The next part is particularly troubling: על דעת המקום, translated in our Mahzor as “with Divine sanction.” As Dr. Yehuda Kurtzer said, “Who decides that G-d gives us permission?”[2] We can give ourselves permission to gather but who’s to say that G-d gives us permission to engage in Kol Nidrei, a process of retroactively annulling vows between man and G-d that will be made during the coming year but will be unfulfilled? If your head isn’t spinning yet, then read the last phrase, אנו מתירין להתפלל עם העברינים, “We declare it lawful to pray with those who have transgressed (committed עבירות, the general term used for “sins”). What gives us permission to have sinners as part of our בית דין, and to claim that such permission comes from G-d nonetheless!

I went a step further than Dr. Kurtzer, entitling my remarks Praying with Criminals. The word עברין can mean criminal. Criminals are a caste of sinners, some of whom have done minor wrongdoings, others quite major ones. They very well may constitute our בית דין on Kol Nidre evening.

Why does such permission need to be given? If we do not make direct mention of it, one might think that there are some meant to be excluded from Kol Nidre-and by extension not have any shot at all for repentance. That is precisely the opposite of what our tradition teaches. As a learned Jewish man (but not the MessiahJ) once said “Let him who is without sin caste the first stone.”[3] To focus on Jewish sources, however, we see that the value is place not on avoiding sin but rather on repenting from one’s sins. As Rav Abbahu stated, “Where Baalei Teshuvah stand, Tzadikim[4] cannot stand!”[5] This implies that it is better to be tempted by sin, perhaps from one’s upbringing, but to turn away from it than it is to never sin in the first place. Furthermore, “Rabbi Bar-Chanina Sava said in the name of Rav, ‘Anyone who does a sin, and is ashamed of it, all his sins are forgiven!”[6] Of course the rabbis are talking about genuine shame leading to changed behavior rather than merely ephemeral shame.

          Let us turn back to the idea of criminals in our midst. In our country, once one has a felony conviction is it on his/her record permanently. It impairs his/her ability to get another job, vote and conduct many aspects of daily life. Our tradition, however, believes that nothing is permanent: that everyone has the ability to be a true baal teshuva regardless of what s/he has done. With that being said, it is human nature to look down on or disparage someone who has a checkered past. That’s one of many reasons why Kohanim cover their faces with a tallit before reciting the Priestly Blessing-so that no one will say (G-d forbid) “You mean this guy is the one who is blessing me?!”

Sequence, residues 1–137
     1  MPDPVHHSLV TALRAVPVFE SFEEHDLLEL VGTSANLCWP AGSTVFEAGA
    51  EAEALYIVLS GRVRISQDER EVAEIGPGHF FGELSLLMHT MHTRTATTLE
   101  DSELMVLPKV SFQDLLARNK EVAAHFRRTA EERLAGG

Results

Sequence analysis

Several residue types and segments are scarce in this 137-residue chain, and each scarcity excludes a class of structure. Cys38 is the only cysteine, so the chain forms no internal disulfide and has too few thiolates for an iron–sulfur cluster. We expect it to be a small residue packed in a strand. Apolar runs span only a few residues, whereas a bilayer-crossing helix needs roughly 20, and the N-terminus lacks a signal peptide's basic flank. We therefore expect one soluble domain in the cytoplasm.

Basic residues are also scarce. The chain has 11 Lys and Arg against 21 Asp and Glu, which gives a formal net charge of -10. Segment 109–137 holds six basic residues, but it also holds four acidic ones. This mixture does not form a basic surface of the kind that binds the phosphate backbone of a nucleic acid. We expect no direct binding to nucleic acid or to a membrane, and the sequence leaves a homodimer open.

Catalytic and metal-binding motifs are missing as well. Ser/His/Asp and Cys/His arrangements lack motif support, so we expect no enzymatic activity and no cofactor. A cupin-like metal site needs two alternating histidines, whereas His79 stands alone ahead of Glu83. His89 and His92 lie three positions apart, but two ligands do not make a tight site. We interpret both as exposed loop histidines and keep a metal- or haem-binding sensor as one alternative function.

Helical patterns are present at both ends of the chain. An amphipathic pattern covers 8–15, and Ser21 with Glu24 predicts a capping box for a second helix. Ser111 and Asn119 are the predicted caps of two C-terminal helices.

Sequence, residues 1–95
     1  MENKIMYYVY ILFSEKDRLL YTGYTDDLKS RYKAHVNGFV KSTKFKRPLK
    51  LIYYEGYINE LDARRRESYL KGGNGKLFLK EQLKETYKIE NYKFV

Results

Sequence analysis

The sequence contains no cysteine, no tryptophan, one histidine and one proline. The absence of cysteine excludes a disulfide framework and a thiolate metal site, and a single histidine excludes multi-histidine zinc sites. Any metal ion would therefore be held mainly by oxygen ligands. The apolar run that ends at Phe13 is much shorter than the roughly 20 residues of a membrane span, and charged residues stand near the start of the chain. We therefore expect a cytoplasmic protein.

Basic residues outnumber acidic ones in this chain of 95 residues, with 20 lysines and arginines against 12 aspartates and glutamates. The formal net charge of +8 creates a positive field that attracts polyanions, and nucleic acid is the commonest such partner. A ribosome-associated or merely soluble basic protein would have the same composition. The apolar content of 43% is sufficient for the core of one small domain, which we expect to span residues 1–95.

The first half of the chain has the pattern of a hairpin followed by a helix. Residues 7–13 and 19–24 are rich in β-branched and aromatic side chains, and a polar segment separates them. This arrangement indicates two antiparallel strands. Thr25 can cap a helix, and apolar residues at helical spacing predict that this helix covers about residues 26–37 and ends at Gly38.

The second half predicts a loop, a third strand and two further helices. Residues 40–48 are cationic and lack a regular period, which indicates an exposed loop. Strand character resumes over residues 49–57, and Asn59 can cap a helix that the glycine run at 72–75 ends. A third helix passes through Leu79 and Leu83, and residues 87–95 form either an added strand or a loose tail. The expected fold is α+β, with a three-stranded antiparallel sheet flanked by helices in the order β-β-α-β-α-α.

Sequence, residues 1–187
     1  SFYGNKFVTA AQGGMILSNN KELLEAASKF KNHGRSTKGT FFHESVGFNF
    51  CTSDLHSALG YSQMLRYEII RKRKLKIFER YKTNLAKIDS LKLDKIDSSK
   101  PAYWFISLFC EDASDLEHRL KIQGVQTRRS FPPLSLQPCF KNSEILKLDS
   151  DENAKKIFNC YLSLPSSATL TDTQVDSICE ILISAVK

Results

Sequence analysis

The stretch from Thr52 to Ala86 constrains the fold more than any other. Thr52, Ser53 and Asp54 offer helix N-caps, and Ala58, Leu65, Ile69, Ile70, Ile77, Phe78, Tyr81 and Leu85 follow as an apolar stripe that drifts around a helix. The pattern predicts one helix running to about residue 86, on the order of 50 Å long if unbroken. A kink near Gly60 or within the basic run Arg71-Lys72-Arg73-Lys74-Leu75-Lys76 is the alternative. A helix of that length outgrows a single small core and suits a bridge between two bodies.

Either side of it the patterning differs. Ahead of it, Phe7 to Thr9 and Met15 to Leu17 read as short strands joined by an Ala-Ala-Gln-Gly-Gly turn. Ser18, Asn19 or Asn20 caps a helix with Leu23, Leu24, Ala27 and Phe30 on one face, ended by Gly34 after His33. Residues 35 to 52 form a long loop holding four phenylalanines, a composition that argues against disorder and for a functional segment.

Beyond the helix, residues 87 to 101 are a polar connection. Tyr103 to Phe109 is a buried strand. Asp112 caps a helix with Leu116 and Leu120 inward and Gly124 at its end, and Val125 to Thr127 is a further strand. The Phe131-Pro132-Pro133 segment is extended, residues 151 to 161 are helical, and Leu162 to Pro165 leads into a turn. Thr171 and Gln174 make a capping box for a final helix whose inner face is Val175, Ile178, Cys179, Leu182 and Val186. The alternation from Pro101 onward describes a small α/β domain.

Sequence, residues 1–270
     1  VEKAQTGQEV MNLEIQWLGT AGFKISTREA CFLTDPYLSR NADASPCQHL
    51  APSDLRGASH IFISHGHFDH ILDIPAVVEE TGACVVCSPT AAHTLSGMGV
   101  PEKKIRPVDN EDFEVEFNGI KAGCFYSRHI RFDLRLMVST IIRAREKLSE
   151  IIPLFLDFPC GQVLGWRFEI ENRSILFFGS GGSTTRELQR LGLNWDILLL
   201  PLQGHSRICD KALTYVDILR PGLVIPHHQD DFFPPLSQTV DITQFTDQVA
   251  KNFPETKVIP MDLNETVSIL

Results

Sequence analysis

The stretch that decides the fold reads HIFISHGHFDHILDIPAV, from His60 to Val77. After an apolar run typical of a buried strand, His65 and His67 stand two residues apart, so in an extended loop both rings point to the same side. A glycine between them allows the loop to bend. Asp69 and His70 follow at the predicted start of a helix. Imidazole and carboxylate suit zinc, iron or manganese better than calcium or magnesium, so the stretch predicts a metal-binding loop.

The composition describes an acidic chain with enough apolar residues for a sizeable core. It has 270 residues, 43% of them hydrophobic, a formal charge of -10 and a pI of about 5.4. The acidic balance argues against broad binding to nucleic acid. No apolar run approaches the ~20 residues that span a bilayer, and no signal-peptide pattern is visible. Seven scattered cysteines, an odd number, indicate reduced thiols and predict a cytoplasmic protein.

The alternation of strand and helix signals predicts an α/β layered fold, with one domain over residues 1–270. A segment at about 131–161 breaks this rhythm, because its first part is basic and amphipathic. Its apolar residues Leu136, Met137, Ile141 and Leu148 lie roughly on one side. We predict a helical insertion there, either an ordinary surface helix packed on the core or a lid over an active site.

Our tradition gives permission to pray alongside everyone who enters our Sanctuary. It does not matter what sin s/he has done, the magnitude of it or the quantity of sins comparatively. What matters is that each of us gives permission to pray alongside one’s fellow Jews, to say the Ashamnu and Al Chet Sh’Hatanu, believeing wholeheartedly that they apply to us as a community. As is the case with these words which I strive to live by, not always succeeding-“To be humble is not to make comparisons.”[7]

On this Sabbath of Returning and subsequent Day of Atonement, let us strive to pray with full integrity and heart with all those who are around us. Let us put past judgments about others being us, viewing each person as an אדם חדש, a new person with a tabula rasa (clean slate). Always remember the importance of the baal teshuva, the truly repentant person, and strive to be him/her.

Let us conclude with a prayer by Rabbi Leo Baeck written for the High Holy Days: At this hour the whole House of Israel stands before its God, the God of Justice and the God of Mercy. We shall examine our ways before Him. We shall examine what we have done and what we have failed to do; we shall examine where we have gone and where we have failed to go. Wherever we have sinned we will confess it: We will say “we have sinned” and will pray with the will to repentance before the Lord and we will pray: “Lord forgive us!”[8]